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A Quick Look At Seventh-day Adventists and...

The Bible: The Old and New Testaments are the written Word of God, given by divine inspiration to specially chosen individuals who spoke and wrote as they were moved by the Holy Spirit. The Scriptures are the infallible revelation of His will. Through them, God has committed to humanity the knowledge necessary for salvation.

The Godhead: The Godhead is comprised of the Father, the Son, and the Holy Spirit. Although God is One, the Bible speaks of three divine, co-eternal Persons which we call the Trinity. God the eternal Father is the Creator, Source, Sustainer, and Sovereign of all creation. The eternal Son became incarnate in Jesus Christ, through whom all things were created, through whom the character of God is revealed, the salvation of humanity is accomplished, and the world is judged. The Holy Spirit draws and convicts men and women, extends spiritual gifts to the church.

Christ our hope: In Christ's life of perfect obedience to God's will, His suffering, death, and resurrection, God provided the only means of atonement for human sin, so that those who by faith accept this atonement may have eternal life.

Creation: God is Creator of all things, and has revealed in Scripture the authentic account of His creative activity. In six days the Lord made “the heaven and the earth” and all living things upon the earth, and rested on the seventh day of that first week. The first man and woman were made in the image of God as the crowning work of Creation and given responsibility over the world.

The Sabbath: The seventh-day of the week is observed as the day of rest, worship, and ministry in harmony with the teaching and practice of Jesus, the Lord of the Sabbath. The Sabbath is a day of communion with God and one another. It is joyfully observed as a holy time from Friday evening to Saturday evening, from sunset to sunset, as a celebration of God’s creative and redemptive acts.

The Ten Commandments: The Ten Commandments, the great principles of God's law, are exemplified in the life of Christ. They express God's love, will, and purposes concerning human conduct and relationships.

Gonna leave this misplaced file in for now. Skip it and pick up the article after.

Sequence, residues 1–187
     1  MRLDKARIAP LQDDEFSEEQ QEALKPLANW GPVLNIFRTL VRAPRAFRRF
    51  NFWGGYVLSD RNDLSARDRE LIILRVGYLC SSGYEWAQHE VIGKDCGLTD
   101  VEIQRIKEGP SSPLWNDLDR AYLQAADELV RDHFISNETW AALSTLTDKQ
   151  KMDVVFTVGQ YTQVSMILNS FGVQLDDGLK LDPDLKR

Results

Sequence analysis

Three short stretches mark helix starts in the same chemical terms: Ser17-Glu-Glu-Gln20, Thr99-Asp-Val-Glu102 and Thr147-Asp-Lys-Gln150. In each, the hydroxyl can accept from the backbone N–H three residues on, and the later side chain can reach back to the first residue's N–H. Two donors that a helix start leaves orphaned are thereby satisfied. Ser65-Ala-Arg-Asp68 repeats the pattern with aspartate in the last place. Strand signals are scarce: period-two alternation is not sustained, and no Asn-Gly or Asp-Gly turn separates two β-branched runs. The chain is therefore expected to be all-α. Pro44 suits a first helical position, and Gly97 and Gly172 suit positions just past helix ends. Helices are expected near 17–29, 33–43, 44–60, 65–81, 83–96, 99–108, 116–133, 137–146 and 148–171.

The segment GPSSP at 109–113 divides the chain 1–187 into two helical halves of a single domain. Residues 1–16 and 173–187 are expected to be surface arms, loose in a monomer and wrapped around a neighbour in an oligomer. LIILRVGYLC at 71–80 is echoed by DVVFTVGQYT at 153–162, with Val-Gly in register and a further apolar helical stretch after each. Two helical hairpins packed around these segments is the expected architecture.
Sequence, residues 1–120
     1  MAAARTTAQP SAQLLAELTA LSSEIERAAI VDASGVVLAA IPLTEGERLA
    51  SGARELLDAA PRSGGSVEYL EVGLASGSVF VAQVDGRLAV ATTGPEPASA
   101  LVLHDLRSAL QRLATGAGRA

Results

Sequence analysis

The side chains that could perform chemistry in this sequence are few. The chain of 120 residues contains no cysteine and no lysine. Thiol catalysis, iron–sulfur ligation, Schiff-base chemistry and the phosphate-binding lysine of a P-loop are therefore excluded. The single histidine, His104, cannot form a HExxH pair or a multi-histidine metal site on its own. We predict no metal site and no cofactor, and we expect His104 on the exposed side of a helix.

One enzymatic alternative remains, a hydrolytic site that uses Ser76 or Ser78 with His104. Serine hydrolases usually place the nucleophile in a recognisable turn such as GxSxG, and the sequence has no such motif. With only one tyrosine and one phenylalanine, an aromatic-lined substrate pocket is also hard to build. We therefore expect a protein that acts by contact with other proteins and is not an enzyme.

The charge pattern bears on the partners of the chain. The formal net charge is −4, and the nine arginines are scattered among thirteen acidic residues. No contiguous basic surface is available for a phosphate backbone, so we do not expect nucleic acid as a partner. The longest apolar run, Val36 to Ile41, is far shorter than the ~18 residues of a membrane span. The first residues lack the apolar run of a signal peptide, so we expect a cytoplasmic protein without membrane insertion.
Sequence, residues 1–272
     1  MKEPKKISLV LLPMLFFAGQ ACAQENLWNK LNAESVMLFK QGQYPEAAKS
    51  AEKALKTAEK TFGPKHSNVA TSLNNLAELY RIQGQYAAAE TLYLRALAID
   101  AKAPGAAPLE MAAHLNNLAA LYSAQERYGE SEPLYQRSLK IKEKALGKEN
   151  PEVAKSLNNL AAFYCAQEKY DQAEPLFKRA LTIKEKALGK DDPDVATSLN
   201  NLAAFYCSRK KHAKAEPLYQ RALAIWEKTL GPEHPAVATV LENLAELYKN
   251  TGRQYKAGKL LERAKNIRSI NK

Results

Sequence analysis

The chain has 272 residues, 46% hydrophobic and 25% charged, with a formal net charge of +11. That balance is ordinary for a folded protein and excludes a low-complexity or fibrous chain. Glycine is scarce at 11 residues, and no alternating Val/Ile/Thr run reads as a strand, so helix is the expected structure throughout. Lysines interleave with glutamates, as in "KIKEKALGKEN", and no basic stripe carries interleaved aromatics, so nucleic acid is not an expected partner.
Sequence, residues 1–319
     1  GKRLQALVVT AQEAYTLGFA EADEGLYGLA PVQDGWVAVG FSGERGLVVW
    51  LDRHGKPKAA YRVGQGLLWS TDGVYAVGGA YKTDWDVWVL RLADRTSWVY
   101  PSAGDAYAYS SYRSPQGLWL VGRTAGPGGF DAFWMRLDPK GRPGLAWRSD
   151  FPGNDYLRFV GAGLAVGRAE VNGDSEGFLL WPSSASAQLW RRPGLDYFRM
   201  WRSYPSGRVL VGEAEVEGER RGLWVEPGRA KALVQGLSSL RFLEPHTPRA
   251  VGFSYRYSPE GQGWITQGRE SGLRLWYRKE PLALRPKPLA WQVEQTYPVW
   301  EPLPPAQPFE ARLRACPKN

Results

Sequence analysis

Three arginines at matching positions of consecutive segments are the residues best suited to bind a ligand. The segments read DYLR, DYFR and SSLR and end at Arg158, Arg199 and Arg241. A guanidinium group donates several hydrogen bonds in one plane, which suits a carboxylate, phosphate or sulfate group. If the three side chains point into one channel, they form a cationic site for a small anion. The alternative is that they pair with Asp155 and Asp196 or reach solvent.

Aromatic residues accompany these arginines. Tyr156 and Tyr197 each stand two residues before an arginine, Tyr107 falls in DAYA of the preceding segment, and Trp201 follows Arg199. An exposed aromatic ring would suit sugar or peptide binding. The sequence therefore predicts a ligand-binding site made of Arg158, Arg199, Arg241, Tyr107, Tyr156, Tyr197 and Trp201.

Prophecy: Bible prophecies reveal God's plan for the future, provide meaning for today, and hope for those who have chosen to serve God.

Baptism: Baptism by immersion is a symbol of our union with Christ, the forgiveness of sins, and acceptance of the Holy Spirit in our lives.

Life After Death: The grave is a place of unconsciousness, described in the Bible as sleep. When Jesus comes again, there will be a great resurrection of those who have died.

Christ's Second Advent: The second coming of Christ is the blessed hope of the church and the grand climax of the gospel. The Saviour's coming will be literal, personal, visible, and worldwide. The time of that event has not been revealed, so we are urged to be spiritually ready at all times.

The New Earth: On the new earth, God will provide a glorious home for the redeemed with a perfect environment for everlasting life, love, joy, and learning. God will dwell with His people, and suffering and death will not exist. All things, animate and inanimate, will declare that God is love, and He will reign forever.

Health: Because Scripture describes our bodies as the temples of the Holy Spirit, we are to care for them intelligently. Along with adequate exercise and rest, we are to adopt the most healthful diet possible and abstain from the unclean foods identified in the Scriptures, and in many cases, by following a vegetarian diet. Because alcoholic beverages and tobacco are harmful to our bodies, Adventists abstain from such substances as well. Instead, we are to engage in whatever brings our thoughts and bodies into the discipline of Christ, who desires our wholesomeness, joy, and complete health.